Ryan White CARE Act Reauthorization: Where We Stand
Title IV of the CARE Act Is Essential for Women, Children, Youth and Families
The Ryan White Comprehensive AIDS Resources Emergency (CARE) Act was named after an adolescent that succumbed to HIV infection in 1990. That same year, Congress created the largest federal discretionary HIV/AIDS treatment program in Ryan's honor. The program has a four-title structure, each targeting different populations and service providers. Title IV of the CARE Act serves women, children, youth and families affected by HIV/AIDS. The program's total appropriation of $72.5 million is distributed among 91 grantees across the country. Each year, 53,000 women, children, and youth benefit from Title IV services, which often include medical care, case management, childcare, and transportation. Eighty-eight percent of consumers are of people of color and 30 percent are under the age of 13.
The CARE Act, as a discretionary program, requires reauthorization every five years. The current legislation will expire September 30, 2005. AIDS Alliance articulated four major positions for CARE Act reauthorization in its March 2005 position paper Renewing the Commitment:
AIDS Alliance also proposes six specific issues for reauthorization of Title IV:
The full text of Renewing the Commitment can be found here.
Reactions to Administration's Principles
In July of 2005, the Administration announced its principles for reauthorization of the CARE Act. Some of the proposed principles have direct implications for Title IV's capacity. For example, the principles stress an increase in flexibility of CARE Act dollars. This is entirely consistent with Title IV's intent. Title IV is flexible enough to arrange for transportation, child care, and case management. Thankfully, the Administration's principles reflect the need for such specificity. The principles also advocate prioritizing the needs of people of color. With people of color representing 88 percent of clients served, Title IV has a long history responding effectively to the needs of HIV-affected families, women and youth of color.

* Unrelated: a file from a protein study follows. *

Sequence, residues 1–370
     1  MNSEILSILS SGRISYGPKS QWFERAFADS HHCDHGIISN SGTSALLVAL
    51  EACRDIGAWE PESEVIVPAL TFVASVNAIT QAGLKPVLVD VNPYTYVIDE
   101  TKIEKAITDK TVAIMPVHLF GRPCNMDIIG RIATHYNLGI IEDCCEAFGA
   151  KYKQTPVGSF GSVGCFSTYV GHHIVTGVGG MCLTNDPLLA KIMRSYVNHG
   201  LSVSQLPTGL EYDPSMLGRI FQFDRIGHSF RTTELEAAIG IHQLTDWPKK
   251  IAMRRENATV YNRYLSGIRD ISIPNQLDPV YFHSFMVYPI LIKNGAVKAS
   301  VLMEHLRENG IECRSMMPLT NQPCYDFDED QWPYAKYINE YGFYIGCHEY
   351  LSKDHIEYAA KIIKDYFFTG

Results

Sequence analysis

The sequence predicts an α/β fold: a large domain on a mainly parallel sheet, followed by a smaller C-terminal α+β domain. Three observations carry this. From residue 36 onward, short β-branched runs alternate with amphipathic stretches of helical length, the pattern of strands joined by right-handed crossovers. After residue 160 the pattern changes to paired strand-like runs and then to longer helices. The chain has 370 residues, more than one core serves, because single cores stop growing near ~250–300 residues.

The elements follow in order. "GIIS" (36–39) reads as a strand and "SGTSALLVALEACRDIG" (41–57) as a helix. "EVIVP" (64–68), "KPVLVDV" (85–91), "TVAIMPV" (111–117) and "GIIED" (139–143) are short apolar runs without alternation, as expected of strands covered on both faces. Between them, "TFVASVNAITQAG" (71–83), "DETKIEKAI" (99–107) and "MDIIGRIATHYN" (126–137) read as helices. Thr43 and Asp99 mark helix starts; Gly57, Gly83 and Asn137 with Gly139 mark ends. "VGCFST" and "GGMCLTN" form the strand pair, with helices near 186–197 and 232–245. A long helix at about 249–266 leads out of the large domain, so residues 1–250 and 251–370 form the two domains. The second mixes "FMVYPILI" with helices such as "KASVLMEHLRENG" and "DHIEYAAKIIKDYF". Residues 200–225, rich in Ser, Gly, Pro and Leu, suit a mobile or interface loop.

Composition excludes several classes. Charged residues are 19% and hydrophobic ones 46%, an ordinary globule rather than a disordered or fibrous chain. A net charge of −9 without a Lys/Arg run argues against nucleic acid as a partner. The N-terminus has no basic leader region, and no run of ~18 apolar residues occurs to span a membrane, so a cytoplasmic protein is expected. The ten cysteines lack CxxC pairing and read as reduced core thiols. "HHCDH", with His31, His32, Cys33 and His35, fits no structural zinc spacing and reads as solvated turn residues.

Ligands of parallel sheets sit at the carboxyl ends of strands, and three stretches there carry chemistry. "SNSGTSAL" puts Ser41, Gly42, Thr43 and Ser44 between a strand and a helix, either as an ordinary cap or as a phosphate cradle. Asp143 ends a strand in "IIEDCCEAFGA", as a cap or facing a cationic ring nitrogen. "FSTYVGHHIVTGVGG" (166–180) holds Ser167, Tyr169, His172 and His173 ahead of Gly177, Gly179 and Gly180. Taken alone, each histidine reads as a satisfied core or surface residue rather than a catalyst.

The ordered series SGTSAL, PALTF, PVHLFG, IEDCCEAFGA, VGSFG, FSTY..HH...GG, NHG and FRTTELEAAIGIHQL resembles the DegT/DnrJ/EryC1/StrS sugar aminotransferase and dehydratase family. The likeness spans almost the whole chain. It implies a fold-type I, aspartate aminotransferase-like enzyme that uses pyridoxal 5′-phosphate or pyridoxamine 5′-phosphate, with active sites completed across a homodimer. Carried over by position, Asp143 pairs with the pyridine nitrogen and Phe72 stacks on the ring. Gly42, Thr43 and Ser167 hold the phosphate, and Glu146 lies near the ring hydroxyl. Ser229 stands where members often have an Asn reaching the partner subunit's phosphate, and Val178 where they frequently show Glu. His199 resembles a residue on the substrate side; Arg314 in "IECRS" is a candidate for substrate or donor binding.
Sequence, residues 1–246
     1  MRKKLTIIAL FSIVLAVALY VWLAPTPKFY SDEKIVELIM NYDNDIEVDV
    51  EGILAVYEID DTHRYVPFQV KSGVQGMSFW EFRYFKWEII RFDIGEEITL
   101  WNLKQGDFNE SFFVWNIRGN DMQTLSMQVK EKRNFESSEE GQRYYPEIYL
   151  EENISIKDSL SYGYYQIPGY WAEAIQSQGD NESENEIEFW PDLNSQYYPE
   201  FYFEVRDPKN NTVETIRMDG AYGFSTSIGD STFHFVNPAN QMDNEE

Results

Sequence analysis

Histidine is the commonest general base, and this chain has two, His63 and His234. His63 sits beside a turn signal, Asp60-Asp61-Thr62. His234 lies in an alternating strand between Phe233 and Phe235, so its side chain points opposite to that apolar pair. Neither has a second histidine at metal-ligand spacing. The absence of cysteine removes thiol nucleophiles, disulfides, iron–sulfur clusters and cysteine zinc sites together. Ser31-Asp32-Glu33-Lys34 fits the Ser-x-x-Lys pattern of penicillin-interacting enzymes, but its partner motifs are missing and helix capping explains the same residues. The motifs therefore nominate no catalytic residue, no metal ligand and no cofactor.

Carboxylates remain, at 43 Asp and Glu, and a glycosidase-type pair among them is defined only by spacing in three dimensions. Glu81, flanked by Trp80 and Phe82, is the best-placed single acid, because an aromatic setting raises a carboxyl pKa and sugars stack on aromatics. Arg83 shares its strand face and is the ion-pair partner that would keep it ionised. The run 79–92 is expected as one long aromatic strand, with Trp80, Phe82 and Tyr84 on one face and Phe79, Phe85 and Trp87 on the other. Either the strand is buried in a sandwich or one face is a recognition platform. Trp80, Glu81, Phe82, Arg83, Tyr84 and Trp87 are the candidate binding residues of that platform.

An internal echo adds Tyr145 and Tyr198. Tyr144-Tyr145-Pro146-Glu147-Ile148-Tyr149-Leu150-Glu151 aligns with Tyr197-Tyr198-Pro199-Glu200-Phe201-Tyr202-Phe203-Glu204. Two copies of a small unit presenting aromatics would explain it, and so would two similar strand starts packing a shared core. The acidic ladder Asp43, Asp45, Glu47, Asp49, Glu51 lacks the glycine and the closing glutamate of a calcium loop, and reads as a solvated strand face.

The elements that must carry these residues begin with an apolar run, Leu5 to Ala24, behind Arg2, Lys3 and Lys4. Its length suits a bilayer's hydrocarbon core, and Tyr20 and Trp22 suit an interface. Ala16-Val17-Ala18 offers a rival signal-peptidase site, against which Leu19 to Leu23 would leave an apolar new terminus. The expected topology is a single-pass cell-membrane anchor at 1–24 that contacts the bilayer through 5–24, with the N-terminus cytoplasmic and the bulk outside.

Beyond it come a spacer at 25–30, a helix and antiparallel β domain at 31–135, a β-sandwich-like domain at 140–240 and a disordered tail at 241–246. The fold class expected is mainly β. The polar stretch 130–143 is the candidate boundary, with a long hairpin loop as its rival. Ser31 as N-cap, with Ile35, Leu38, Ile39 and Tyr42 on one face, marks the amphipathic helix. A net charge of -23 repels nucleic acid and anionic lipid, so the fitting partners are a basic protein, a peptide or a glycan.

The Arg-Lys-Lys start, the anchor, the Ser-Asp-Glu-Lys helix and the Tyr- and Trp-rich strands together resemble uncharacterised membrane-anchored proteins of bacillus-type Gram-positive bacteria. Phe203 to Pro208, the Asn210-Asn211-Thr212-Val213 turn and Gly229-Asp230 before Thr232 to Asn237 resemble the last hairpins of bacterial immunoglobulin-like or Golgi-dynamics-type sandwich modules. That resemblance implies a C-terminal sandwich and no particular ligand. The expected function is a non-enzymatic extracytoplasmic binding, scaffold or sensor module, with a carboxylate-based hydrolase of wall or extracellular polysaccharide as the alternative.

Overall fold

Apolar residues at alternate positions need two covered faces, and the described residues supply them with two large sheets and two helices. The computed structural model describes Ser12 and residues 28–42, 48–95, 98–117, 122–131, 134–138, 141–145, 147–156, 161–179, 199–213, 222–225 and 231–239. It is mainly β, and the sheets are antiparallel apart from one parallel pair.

Among the proposed principles is a prioritization of core medical services. This is a difficult assertion for Title IV, which requires a broad range of services to deliver effective care. In addition, the needs of HIV-positive individuals and families differ from community to community -- because of varied costs of living and the availability of other services and other payers. Therefore, CARE Act programs, consumers, and planning councils should define core medical services independently for their respective communities.
CARE Act funds are intended to be the payer of last resort. For virtually all Title IV consumers, medical attention is covered through other insurance mechanisms, such as Medicaid or other Titles of the CARE Act. (Eighty percent of Title IV consumers receive medical care paid by Medicaid.) Title IV dollars are used to make medical care more accessible, through child care, transportation, or other support services. Without the logistical support and care coordination provided by Title IV, medical attention is beyond the reach of many women, children, families and youth served. Other programs do not provide this flexibility, which leaves Title IV as the last, and only, payer of these services.